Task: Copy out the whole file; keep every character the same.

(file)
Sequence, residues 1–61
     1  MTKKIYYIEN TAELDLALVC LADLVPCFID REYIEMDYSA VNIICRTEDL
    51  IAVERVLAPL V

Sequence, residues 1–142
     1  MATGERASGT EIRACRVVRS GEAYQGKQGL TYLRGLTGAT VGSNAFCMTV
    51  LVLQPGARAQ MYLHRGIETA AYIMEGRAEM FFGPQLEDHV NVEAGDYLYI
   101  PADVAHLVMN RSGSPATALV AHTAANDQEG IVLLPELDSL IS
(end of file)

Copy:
Sequence, residues 1–61
     1  MTKKIYYIEN TAELDLALVC LADLVPCFID REYIEMDYSA VNIICRTEDL
    51  IAVERVLAPL V

Sequence, residues 1–142
     1  MATGERASGT EIRACRVVRS GEAYQGKQGL TYLRGLTGAT VGSNAFCMTV
    51  LVLQPGARAQ MYLHRGIETA AYIMEGRAEM FFGPQLEDHV NVEAGDYLYI
   101  PADVAHLVMN RSGSPATALV AHTAANDQEG IVLLPELDSL IS